Update 2: Before a packed room during NACM's 2013 Credit Congress, six credit veterans testified as part of a public field hearing conducted by the American Bankruptcy Institute (ABI) for the need of change to the Bankruptcy Code in the areas of Section 503(b)(9) and preferences. What resulted was a lively discussion with seven of the members of the ABI Commission to Study the Reform of Chapter 11.
ABI Commissioner Geoffrey Berman noted that, with changes in the world financial environment, “a better set of tools is required” in Chapter 11 bankruptcy, and that the Bankruptcy Code “was not designed to address these changes.”
An important topic that came up several times during the hearing was creditors' committees. While questions arose about costs involving committees, the ability to find people in the applicable trade who are willing to serve, and the potential for conflicts of interest, the value of committees remains, which appeared to be reflected during the ABI commission members' comments. Commissioner William Brandt Jr. said it was very unlikely creditors' committees “will see their sunset.”
“Our task is not to roll back the tides of history, but reset the equilibrium,” Brandt said. Meanwhile, Commissioner Steven Hedberg noted the importance of the Commission in “balancing rights” between secured and unsecured creditors. “It's a big part of what's going to happen in this process.” However, such "balance” discussions also led to whether or not service providers should have the same rights within Section 503(b)(9) as manufacturers.
In any case, a repeal should not be on the table. "Repealing 503(b)(9) would create so much more uncertainty in the supplier community,” said Sandra Schirmang, CCE, ICCE, senior director of credit for Kraft Foods Global, Inc. “It would make such precautionary, damaging actions much smarter moves for suppliers, to the detriment of debtors. As unsecured creditors, we're willing to take on reasonable risk, but not to an outrageous extent and not if we think that money won't ever be paid to us.”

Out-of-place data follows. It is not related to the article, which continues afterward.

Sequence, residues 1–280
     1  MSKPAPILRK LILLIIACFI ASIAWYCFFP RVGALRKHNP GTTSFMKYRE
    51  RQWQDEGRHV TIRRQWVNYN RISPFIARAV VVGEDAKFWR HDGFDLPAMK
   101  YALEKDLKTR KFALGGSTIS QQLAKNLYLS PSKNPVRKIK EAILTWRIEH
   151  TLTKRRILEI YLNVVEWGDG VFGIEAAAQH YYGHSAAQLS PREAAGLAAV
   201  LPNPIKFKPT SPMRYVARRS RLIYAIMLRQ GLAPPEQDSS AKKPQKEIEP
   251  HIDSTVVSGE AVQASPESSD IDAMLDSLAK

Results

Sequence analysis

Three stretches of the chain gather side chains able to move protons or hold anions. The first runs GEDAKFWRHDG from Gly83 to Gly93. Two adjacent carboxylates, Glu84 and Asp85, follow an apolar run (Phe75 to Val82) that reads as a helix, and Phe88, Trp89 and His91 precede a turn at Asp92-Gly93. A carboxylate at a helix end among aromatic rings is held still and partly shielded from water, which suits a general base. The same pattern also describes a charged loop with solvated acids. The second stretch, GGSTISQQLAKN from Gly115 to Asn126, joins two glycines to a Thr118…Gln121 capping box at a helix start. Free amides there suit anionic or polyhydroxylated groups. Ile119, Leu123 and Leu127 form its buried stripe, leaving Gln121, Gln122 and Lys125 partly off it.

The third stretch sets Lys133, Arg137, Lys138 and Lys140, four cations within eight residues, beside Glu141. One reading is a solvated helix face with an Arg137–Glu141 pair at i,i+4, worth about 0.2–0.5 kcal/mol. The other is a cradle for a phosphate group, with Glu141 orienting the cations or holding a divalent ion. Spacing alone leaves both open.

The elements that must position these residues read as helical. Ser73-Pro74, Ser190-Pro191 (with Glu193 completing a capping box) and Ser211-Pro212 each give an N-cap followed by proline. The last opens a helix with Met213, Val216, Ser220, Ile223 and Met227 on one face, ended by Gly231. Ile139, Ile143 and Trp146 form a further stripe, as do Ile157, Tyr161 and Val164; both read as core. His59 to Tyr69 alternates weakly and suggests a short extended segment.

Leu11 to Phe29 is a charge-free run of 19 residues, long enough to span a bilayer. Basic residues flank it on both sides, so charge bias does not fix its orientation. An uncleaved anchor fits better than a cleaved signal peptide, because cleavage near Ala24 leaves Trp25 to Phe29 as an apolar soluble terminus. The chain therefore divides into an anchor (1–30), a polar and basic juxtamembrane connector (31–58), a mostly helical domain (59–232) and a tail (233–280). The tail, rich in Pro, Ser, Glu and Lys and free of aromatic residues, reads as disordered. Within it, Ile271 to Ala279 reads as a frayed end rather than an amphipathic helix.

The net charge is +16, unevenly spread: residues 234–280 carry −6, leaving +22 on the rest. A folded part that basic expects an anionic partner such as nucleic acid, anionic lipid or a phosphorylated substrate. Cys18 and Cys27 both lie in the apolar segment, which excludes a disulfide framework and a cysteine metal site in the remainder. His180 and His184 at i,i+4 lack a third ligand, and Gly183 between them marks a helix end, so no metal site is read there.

On preferences, Berman took exception to testimony regarding the idea that all or a majority of trustees are shot-gunning without analysis, or don't care while filing preference claims. “Not everyone takes a check register and files a lawsuit,” he said. “Saying a trustee is just taking a check register and filing lawsuits is not typically accurate. Yes, there are firms that do that, but that's not how everybody does it,” he said.
Berman also got into a spirited debate with Kathy Tomlin, CCE of Central Concrete Supply Co., Inc., one of three on the preference panel, over the proposal that the onus should be on those filing the preference claim rather than the creditor. He also said that the “guilty until proven innocent” theory could be working against creditors.
Berman argued that modern credit managers have a greater opportunity/ability to gather information than ever before, telling panelists “the moment you have a claim, go pull the records.” Tomlin responded that creditors only had their own record, and that advances in technology have worked to provide debtors with that same, greater availability of information. Overall, panelists representing NACM continually noted just how far preference law has gotten away from the intent within the Code.
"The tremendous amount of expenses involved in pursuing and fighting actions are doing too much to drain the already deficient pot that exists in bankruptcy,” said Val Venable, CCE, director of credit at Ascend Performance Materials, LLC. “The preferences statute should be changed so that the pursuer of preference recoveries should first prove that the payments were not in the ordinary course of business and that new value was not given by the creditor.”
- Brian Shappell, CBA, CICP, NACM staff writer